The Viewing of Images
It seems almost self-evident that how long we look at an image affects what we see in it and how we interpret it. Even if there were no other evidence of this, it has been shown that the eye successively scans an image in a series of fixations. If the time for doing this is cut short, the eye fixes on fewer points and the mind creates a less extensive version of what David Marr has called the "primal sketch." In talking about viewing film images it is useful to place the process in the context of viewing practices generally. How does film-viewing differ from viewing other kinds of images, such as still photographs?
Sometimes the length of time we devote to a still photograph is determined for us, as when a train we are on flashes by a billboard with a photograph on it. The frequency with which we view photographs is also often beyond our control: it is the aim of advertisers to expose us to the same pictures as often as possible, although many photographs, such as those in newspapers, we see only once, and then usually briefly. Others, such as family snapshots, may be seen again and again—and we may choose to study them for quite long periods.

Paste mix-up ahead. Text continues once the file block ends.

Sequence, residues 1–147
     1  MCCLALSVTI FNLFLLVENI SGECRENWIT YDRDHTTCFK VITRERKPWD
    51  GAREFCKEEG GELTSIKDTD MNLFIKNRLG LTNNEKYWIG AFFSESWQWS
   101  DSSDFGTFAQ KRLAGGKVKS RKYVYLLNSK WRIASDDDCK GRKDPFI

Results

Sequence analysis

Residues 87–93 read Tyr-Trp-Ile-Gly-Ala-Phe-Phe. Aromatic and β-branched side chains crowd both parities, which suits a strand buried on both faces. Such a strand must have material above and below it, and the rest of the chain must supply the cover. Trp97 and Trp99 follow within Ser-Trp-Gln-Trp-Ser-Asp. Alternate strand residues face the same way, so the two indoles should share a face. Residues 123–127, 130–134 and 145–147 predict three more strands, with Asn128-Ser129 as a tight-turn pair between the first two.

When we watch films we exchange the role of private consumer of images for that of public participant at a spectacle. Our choices become more limited. Not only are the still photographs of the film regulated to 24 or 25 per second, but the length of time we have to view each shot is precisely dictated. We thus surrender an important part of our control over the image, although not all of it. There is still the possibility of searching the shot and interpreting it to some degree independently—for example, by looking for "peripheral detail." How we interpret it depends upon who we are and what assumptions we bring to it. This is a fertile process, the text of the film interacting with the texts of personality, culture, and society that define us. Despite that, there are
habits of film-viewing which will hold broadly true for audiences with a shared set of cultural expectations. If the following description is in any way recognizable, it is because it applies to a quite specific set of film-making and film-viewing conventions.